Closing out this week’s review of the Central Division is the Detroit Pistons. Unlike the Chicago Bulls and Indiana Pacers, who are absolutely expected to make the playoffs, and unlike the Milwaukee Bucks, who probably got a whole lot worse by losing Jennings and Monta Ellis, the Pistons, like the Cavs, fall somewhere between bad and semi-relevent. What does all this mean? Welcome to your 2013-2014 7-8 seed competition!
Last Season: For this first time this week, this section doesn’t include discussion of a playoff series. Like the Cavs, Detroit had a number of issues. Their offense was disjointed, and their coach was…Lawrence Frank. Need I say more? That being said, there were some major bright spots on the Pistons’ roster. Namely Andre Drummond. Although only averaging just a tick above 20 minutes per game, Drummond displayed refined post skills. Look out, Cavs fans, this kid is a force to be reckoned with.
What They’ve Done This Off-Season: The question should really be what haven’t they done this off-season. Really, beyond Drummond, Greg Monroe, and Rodney Stuckey (And Charlie Villanueva…ouch) this roster should look a whole lot different. After the firing of Frank and the drafting of Kentavious Caldwell-Pope, whose long-distance shooting should compliment the needs of this team perfectly, the Detroit free agency really kicked off with a BANG with the signing of Atlanta’s Josh Smith. Opinions on the Smith signing vary widely, but really, Smith makes quite a bit of sense on this team, at least when both Monroe and Drummond aren’t on the floor. Smith isn’t much of a floor spacer, but he is a vet with actual, real talent (versus Charlie V…who is mostly useless) and should help firm up an already decent front court. Next, the Pistons signed NBA vet Chauncey Billups, who will likely be the backup point guard and will mostly act as the symbolic leader to a young team. The real shocker of the Piston off-season came in the form of a trade with the Milwaukee Bucks for Brandon Jennings. While the Pistons didn’t give up much by way of stardom (Brandon Knight, Khris Middleton, and Vlacheslav Kravtsov…what was that last one?) signing Jennings is a definite risk. Since his rookie year, Jennings has mostly stagnated and, in some instances, has regressed on the court. Still, that’s not to say he’s not supremely talented, because with the right coach and on the right team, Jennings can still be a good player. The real question going into the 2013 season is, “can new head coach Mo Cheeks keep a team full of head cases in check”. There’s no question that Detroit’s roster is loaded with upper echelon talent – Drummond, Smith, Monroe, and Jennings can all be borderline all-stars in the right situations – but getting all four players to function cohesively on the court is a task not many coaches could achieve. Good luck with that, Mo.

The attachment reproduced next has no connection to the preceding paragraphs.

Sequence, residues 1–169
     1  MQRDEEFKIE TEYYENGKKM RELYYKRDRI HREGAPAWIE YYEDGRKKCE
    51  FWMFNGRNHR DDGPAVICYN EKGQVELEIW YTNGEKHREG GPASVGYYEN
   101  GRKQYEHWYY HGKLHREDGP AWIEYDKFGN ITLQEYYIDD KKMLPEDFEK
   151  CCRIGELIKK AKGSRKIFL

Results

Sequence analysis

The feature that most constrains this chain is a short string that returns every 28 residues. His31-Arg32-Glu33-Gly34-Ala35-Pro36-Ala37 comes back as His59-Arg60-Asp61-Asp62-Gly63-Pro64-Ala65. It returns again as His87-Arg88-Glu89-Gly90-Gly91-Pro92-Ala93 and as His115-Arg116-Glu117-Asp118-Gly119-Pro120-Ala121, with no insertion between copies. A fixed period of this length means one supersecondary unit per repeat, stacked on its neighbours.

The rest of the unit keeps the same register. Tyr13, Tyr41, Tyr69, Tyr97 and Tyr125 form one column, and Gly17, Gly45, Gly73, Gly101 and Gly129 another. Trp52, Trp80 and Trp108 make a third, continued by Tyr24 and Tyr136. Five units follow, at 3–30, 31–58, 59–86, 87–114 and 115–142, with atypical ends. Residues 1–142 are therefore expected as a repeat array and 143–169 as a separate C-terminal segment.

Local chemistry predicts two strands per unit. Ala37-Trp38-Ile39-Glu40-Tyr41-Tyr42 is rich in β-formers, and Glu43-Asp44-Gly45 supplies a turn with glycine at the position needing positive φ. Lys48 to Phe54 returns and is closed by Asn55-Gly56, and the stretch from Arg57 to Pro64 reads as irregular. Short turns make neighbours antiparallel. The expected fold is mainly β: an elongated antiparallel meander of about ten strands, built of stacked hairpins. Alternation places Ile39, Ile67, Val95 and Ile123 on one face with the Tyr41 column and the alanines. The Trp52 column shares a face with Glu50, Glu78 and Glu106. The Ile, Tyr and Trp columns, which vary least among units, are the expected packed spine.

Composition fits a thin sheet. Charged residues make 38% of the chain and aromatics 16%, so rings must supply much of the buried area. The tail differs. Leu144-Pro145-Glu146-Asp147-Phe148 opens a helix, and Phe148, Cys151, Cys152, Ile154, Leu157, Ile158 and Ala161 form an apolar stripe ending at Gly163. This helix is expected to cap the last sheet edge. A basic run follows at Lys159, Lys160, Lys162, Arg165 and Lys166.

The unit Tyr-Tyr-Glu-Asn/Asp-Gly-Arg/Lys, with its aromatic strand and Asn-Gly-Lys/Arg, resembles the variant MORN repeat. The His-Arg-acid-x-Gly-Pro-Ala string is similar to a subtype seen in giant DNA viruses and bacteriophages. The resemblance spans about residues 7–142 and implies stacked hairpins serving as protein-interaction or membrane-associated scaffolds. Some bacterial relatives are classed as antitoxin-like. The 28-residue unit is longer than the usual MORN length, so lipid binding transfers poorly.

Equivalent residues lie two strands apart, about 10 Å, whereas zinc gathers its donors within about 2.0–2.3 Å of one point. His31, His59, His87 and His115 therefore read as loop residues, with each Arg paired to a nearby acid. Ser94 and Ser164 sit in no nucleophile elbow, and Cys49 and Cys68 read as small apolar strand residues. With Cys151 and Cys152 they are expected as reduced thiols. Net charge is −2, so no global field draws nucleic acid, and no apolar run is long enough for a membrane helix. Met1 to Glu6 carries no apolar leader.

How they match up with the Cavs: This is a tough one to predict. On paper, the matchup is scary. Jennings has the ability to abuse defenders, and we’re all aware of Kyrie’s ability on that side of the ball. Likewise Josh Smith is still a top 15 SF, where the Cavs remained thin in the off-season. Throw in the fact that Drummond could be a candidate for a 15 and 10 season (while Bynum remains a question mark) and this could get ugly. But the ugliness is predicated on 1. Jennings’ desire to share the ball. 2. His ability to get the ball to Drummond in the post. and 3. Josh Smith’s desire to not take stupid jumpers. Can Detroit achieve all three of these stipulations? Doubtful. I could see a Pistons’ matchup becoming the Dion Waiters show pretty quickly, too.
Match-up to watch: There are honestly so many enjoyable match-ups here that I can’t pick just one. Kyrie vs Jennings? Yep. TT vs Monroe? Awesome. Andy and/or Bynum vs Drummond? I’m a little scared, but sure! Even Dion vs Stuckey intrigues me, as they’re both combo guards who can take their man off the dribble. If this off-season has taught us one thing about the Pistons, it’s that the Cleveland/Detroit rivalry is primed for a return. And I can’t wait.